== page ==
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Popping people back up on their bikes by the lake

By Olivia Ireland
Simon Weir has set up a pop up repair shop on the lake for people who ride past to get a quick fix on their bike. Picture: Keegan Carroll

Convenience and a better bike riding experience is what's promised to Canberrans who happen to ride through this latest repair initiative.

Simon Weir has created his own small business called 'Simon the Bike Guy', which is a fully mobile service during weekdays, or a stall people can ride their bike to for repairs on the weekends, set to make cycling accessible.

A regular walker along the foreshore, Mr Weir would often read a book and could always hear "bikes that are dead, like clicking, screaming" as brakes rubbed and people bottomed out because their tires were flat.

"I was like 'oh my god, I wish I could just stop these people for five seconds and completely change their riding experience'," he said.

"So I thought it was a really easy win, if anyone tries to stop just for five minutes, I could really improve their experience on their bike."

What has become Mr Weir's full time career, he provides a mobile service during weekdays and pop-up bike repairs on weekends.

"I started getting personal calls from the pop up and giving out business cards and it started to become an impossible balance with full time work," he said.

With a background in mathematics and working across multiple bike shops, Mr Weir had "unique skills" to look over a bike and identify anything that's wrong with the equipment.

"The customers had this experience where their mind's blown that bike mechanics exist and that it can personally help them," he said.

Creating a "personal experience" with customers has been a priority for Mr Weir as he felt it made them "gain trust" with the services he provided, on top of having an alluring penny-farthing bike.

"I bought a penny farthing and it sat next to this pop up and it hooked in so many conversations just from people absolutely drooling over it," he said.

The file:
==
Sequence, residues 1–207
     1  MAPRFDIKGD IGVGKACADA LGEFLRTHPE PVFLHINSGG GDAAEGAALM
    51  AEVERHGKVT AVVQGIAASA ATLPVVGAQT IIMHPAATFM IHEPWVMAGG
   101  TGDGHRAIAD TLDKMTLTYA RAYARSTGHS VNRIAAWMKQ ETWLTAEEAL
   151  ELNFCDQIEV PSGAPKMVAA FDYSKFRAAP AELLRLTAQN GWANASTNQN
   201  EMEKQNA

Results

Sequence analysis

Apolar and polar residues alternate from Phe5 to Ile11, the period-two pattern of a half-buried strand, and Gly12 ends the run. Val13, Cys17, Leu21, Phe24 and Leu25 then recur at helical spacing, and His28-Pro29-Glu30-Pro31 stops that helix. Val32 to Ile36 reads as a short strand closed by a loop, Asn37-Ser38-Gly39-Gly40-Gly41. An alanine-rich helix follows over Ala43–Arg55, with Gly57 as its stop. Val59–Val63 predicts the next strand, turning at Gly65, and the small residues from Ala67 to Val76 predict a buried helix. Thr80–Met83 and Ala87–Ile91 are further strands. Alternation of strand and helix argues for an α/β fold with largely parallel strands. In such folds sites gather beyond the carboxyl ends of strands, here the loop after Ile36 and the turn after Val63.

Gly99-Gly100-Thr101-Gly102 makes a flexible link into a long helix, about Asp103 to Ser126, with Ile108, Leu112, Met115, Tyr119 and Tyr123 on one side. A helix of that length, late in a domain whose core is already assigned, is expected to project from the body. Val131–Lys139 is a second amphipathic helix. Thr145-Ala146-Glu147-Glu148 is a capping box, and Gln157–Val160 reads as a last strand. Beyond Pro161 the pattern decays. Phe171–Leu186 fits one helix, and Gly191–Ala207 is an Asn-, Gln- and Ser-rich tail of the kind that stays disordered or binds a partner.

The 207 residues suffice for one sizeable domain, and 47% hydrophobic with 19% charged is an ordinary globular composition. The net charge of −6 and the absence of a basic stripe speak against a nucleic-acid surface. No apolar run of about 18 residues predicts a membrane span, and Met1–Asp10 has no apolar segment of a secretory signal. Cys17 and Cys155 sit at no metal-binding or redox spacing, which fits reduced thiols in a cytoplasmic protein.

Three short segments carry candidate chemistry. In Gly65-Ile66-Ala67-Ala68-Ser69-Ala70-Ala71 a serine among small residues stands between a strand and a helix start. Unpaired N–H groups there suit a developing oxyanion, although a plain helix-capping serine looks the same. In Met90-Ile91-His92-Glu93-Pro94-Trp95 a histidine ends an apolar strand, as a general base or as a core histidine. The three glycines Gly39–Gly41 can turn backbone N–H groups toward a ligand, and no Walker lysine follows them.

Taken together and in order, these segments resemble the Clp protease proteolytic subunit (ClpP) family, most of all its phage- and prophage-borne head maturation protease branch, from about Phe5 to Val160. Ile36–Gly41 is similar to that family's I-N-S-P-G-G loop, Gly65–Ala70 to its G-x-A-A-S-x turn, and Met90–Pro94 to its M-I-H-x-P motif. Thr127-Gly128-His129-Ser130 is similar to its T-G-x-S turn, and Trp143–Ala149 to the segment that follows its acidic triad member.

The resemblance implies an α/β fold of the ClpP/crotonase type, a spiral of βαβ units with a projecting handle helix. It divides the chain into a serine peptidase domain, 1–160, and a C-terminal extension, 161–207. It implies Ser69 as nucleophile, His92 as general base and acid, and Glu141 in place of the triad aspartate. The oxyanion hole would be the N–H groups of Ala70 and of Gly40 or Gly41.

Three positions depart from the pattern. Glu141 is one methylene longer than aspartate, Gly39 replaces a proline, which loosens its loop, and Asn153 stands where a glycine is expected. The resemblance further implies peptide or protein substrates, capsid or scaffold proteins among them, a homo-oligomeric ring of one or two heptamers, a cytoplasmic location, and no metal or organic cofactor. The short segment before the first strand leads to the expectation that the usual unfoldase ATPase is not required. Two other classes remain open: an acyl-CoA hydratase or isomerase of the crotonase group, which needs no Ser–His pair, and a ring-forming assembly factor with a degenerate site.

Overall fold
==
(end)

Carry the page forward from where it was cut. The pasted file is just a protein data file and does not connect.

Mr Weir's business model became a 'pay as you want' system, as he found giving customers a vague price range of what bike repairs involved led to more generosity.

"People don't even know what it's worth and don't particularly get value from reading this big, litigious menu and so I thought the traditional model is not really relevant here. If I do more people and they ride off with a nicer bike, why not let them pick their own price?" he said

The system became extremely successful for Mr Weir, as most customers have been "extremely generous" when he them a vague price range of what the service would cost.

"The pop-up can make just over $1000 in a day, which is nuts for just tightening bolts and wiping it down a bit and it just goes to show how aesthetically under serviced people's bikes are," he said.

Mr Weir hopes his initiative is helping to change the industry, as it is in his view services are inflated by distributors that have a stronghold on the industry and he believes his approach to filling a niche is inevitable.

"Key distributors of big brand parts will only sell to brick and mortar stores, so this mobile thing to that is a threat. It's just like 'get out you're an animal, you're ruining the industry' and frankly I just think it's the next logical step," he said.

"I would like retailers to do retail, focus on that - so have a production out back that's lower skilled worked for them but they don't have to get these experts anymore ... I think ultimately the workshops need to level up and I think the retailers need to focus on retailing."

Simon Weir is available at his pop-up on weekends at Bowen Park by the lake in Barton, or he can be called for services from his website.

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Dive Deeper:
Nottinghamshire's top cafe isn't the easiest to get to but it's worth the effort
Visitors can expect great coffee, quality food, reasonable prices and unusual surroundings
Psychologist exposes how Primark tricks you into buying things you don't need
Speaking on the Channel 5 documentary Primark: How Do They Do It?, psychologist Dr Amna Khan revealed all of the…
Expert reveals how Primark 'tricks' shoppers into spending more cash
Many Primark customers find it nearly impossible to browse the store without leaving with huge hauls - sometimes hours after…
Clifton dad's 'nightmare' getting £1,200 fridge from Currys repaired
It stored vital medicine
One subscription that gives you access to news from hundreds of sites
Anyone with a Netflix account warned to check their direct debit immediately
Lynn Beattie, aka Mrs Mummypenny, explains how to go through your direct debits after noticing complaints from her readers about…
The secrets behind why UK shoppers spend so much time in Primark
A Channel 5 documentary has focused on how the fashion giant lures us off the high street and then keeps…
Get all your news in one place